The first three golden ticket winners were put together in a short montage. I didn’t hear enough to really be sure, so take my “guesses” with a grain of salt:
Brittany Mazur, 21– She has good power for someone with sort of a little girl tone, a bit of the killer scratch, and good rhythm. She got a little bit lazy when she wasn’t singing her glory notes, and the song was one of those perfect vehicles. I liked her, but I’m not sold off of the fifteen notes that I got to hear. She’s more of a sleeper than a contender.
Lara Johnston, 20– If I listed her attributes individually almost every one of them would be positive, yet something troubled me about her. I’m trying to put my finger on it….. She wasn’t able to get her nerves settled before she started singing, so she was still holding them down while she sang. They came bubbling out, as I listened, as tiny shakes in her tone that didn’t seem to be intentional. These kids are all nervous, of course, that’s not the issue. “Never let them see you sweat” might be the best way to express her problem. She can’t last if she can’t get the nerves out of her voice. I really liked her tone and phrasing. She has a radio friendly sound. Let’s hope that she can get feet under her a little bit better the next time.
Matthew Nuss, 25– I enjoyed him at first, but he petered out badly at the end of his audition. He took a breath in the wrong place (not deadly) and then everything went up to his throat (deadly). He was singing freely at first, so if it was just early jitters he might be ok. I’m dubious, since the pressure doesn’t ever let up, but his voice is good and he’s a freaking music teacher. He’s probably mid Hollywood Week fodder, but I am a tiny bit interested.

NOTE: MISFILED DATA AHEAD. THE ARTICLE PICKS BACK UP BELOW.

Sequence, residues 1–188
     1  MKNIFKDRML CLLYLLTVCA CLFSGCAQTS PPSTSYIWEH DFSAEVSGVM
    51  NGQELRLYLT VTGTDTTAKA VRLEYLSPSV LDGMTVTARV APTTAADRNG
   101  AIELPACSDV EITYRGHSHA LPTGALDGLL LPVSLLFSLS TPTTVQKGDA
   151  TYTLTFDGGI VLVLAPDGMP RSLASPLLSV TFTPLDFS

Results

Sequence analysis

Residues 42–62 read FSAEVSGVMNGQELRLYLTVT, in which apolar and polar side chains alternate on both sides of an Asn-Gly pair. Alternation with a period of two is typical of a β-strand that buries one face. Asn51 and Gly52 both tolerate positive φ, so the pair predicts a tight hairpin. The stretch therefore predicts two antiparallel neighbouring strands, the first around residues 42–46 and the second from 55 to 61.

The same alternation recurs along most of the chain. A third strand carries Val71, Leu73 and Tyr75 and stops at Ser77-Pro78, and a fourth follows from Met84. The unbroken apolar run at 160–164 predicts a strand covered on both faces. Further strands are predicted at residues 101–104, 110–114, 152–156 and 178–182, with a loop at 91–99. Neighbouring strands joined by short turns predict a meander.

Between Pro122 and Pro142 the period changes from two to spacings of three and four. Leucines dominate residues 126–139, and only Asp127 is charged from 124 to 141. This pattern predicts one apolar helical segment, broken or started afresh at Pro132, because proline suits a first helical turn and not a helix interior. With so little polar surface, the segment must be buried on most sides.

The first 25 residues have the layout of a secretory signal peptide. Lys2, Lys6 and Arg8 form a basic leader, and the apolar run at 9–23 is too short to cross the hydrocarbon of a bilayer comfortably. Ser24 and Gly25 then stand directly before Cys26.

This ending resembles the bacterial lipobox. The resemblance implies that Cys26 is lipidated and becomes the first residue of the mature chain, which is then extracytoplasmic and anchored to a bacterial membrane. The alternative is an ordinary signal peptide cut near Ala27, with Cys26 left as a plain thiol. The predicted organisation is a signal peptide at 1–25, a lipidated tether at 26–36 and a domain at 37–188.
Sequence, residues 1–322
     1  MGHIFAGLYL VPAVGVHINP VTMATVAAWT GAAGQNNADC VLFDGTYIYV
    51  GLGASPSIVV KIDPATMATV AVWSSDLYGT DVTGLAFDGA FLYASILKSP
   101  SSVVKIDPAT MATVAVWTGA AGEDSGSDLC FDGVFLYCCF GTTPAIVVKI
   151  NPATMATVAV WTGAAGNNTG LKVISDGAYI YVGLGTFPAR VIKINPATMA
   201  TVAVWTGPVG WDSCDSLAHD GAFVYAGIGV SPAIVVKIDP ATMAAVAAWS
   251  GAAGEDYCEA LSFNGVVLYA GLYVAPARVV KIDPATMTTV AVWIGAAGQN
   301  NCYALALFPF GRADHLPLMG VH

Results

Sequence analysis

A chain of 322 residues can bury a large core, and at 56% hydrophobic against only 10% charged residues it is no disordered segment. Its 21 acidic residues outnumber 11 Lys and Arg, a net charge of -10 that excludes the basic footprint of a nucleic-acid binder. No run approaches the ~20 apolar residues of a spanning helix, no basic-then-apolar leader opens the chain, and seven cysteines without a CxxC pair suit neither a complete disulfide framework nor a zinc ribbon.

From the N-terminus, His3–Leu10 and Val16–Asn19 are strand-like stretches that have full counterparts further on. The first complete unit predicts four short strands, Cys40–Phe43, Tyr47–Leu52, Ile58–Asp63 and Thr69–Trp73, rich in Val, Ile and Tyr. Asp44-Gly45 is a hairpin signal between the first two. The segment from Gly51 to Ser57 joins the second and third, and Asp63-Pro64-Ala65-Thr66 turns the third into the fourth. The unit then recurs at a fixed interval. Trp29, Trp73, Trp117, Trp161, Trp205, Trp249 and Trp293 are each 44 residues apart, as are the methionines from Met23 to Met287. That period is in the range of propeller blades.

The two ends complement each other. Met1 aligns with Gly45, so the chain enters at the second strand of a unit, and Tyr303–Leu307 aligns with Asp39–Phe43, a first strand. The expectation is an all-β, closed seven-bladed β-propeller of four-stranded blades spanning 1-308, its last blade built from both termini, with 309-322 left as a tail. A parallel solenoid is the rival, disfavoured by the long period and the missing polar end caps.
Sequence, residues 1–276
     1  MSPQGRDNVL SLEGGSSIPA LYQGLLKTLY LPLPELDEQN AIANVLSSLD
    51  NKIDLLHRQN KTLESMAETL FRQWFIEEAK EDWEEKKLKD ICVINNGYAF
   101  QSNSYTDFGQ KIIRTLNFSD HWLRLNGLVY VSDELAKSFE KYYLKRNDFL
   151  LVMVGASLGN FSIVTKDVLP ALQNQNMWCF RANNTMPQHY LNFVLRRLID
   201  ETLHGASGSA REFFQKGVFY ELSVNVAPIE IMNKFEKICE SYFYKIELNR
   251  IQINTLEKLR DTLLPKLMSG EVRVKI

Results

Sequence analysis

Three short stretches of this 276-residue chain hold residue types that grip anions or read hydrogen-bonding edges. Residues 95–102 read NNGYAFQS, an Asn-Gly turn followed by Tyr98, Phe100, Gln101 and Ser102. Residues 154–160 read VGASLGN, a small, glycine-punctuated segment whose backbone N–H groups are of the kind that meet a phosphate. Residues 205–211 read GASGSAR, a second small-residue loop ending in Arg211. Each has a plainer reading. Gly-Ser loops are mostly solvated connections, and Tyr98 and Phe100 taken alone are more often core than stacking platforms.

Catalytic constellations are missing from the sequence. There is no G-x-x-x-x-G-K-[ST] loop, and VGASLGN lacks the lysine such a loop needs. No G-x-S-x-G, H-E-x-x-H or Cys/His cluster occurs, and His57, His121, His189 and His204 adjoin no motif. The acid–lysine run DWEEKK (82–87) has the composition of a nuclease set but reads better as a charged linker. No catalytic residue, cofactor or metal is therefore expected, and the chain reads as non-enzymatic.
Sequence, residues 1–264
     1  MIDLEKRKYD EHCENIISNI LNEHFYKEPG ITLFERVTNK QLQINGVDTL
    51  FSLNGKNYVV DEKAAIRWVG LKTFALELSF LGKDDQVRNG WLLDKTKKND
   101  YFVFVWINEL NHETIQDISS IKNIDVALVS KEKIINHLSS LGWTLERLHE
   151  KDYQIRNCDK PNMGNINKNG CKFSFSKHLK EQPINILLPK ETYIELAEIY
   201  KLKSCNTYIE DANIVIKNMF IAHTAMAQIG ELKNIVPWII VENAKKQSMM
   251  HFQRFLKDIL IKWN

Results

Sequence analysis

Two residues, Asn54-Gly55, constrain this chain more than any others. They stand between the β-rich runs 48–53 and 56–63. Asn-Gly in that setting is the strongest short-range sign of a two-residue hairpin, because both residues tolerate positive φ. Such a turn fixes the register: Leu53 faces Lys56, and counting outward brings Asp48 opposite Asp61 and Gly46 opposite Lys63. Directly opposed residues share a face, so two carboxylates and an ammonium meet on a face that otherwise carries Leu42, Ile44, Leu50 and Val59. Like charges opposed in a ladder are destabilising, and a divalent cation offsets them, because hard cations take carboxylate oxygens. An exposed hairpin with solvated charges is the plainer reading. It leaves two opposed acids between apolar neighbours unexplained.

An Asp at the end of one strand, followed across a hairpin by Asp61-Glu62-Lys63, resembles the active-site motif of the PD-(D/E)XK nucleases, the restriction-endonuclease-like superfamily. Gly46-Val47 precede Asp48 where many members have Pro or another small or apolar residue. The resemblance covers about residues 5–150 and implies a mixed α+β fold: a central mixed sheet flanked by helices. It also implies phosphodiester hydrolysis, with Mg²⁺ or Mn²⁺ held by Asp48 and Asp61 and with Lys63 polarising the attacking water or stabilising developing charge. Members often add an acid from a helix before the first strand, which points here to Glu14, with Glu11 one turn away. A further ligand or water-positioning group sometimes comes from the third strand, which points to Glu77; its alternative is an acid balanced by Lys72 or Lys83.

Stefano Langone, 21– He kept trending sharp, which bothers me more with him than it would for most singers, because it’s the only thing keeping me from calling him a standout and putting up near the top of the power rankings this weekend. I’ll just say that, if he stays in tune when he has some accompaniment, he is short odds for the live shows. He has everything else. He has a fantastic, charismatic, powerful voice and the quiet confidence that I love. Even with the sharp notes, he’ll be way up there in the power rankings. I want to hear him again.
Clint Jun Gamboa, 26– Interesting kid. I hear his voice as one that would fit well in a group more than by itself. It’s pure and sweet, and his intonation was impressive for all the runs that he was doing. He doesn’t have the power that too many others will have, so he’ll have to bring some creativity to stand out. He has a chance, but lets be real. He is a finesse singer, not a power singer, so he’ll have to be almost perfect.
There were five girls put together next, all very cute and bubbly, but they didn’t look like teeny boppers. I’d guess that they were all in the 19-23 range. They aired all five of them telling the judges their home towns, but they showed just three of them singing and they didn’t give any names. All of them made it, but who the hell knows how good they are? The first one was screaming and out of tune for her five notes, the second one sounded pretty weak in her six notes, and the third one had a really nice face while she sang her three notes. None of that means anything for now. If they are any good, we’ll see them again later.